The Minnesota Department of Revenue has uncovered a drafting error in a sprawling $3 billion tax cut package passed last session that could cost taxpayers $352 million over the next two years if it's not corrected.

But state officials and legislators say they've agreed to a fix before any taxpayers are affected.

"Everyone wants to be transparent about this," Revenue Department Commissioner Paul Marquart said in a phone interview on Friday. "But at the same time, the key is: Taxpayers are not impacted now, and we have the commitment that they won't ever be."

The error, a few lines in a nearly 400-page bill, relates to standard deduction amounts. Lawmakers inadvertently used the 2019 standard deduction amount for tax year 2024, but that number didn't include four years of adjustments to account for inflation. The mistake meant most married taxpayers would lose roughly $3,200 on their standard deduction, while single filers would lose $1,600.

Without updates, the error would cost $110 for single filers and $210 for married couples on their 2024 taxes, Marquart said. Roughly 2.3 million returns would be affected. The error was first reported by MinnPost.

A staffer at the department, who was combing through the bill to prepare future tax forms, caught the error more than a month after the bill was signed into law. The change won't affect filers in tax year 2023, Marquart said, and the department and DFL tax chairs have agreed to pass a correction to the tax bill at the earliest opportunity. The next legislative session convenes in February.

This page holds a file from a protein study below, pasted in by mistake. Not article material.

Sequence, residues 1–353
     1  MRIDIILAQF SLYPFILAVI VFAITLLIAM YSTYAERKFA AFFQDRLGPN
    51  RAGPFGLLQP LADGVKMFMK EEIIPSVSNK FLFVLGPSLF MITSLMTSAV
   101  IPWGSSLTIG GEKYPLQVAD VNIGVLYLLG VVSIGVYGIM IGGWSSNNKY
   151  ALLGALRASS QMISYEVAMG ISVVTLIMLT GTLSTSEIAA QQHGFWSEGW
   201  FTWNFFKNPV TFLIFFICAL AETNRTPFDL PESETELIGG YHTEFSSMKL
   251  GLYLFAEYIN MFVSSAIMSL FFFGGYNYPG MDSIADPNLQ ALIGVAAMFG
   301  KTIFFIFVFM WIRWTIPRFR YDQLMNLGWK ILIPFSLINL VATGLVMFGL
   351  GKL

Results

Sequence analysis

Technical drafting errors are common at the State Capitol and occasionally come with a high price tag. In 2016, then DFL Gov. Mark Dayton didn't sign a tax cut package because of a minor wording error that would have cost the state $100 million over several years.

"Normally, on an error like this, it's usually pretty technical. But because of the amount of this one we thought, 'Let's get this out there and be transparent,'" said Marquart, who was a legislator and tax chair before joining Gov. Tim Walz's administration.

The broader package included more than $2 billion in tax cuts through direct rebates, Social Security income tax reductions and a new child tax credit. It also raised more than $1 billion in new taxes on higher earners and some corporations with a presence overseas.

State Rep. Greg Davids, R-Preston, who has served as the chair of the tax committee in the past, said mistakes can happen at the end of the session when staffers are working overtime to move everything through the process.

With smaller errors, he said tax committee chairs typically can send a letter to the department to explain the original intent, but something this large likely has to be handled legislatively.

"Mistakes are made, but this is a doozy," he said. "That being said, it's nothing we can't fix if we work together as soon as we get back and just correct it. I would hope no one would be opposed to correcting it."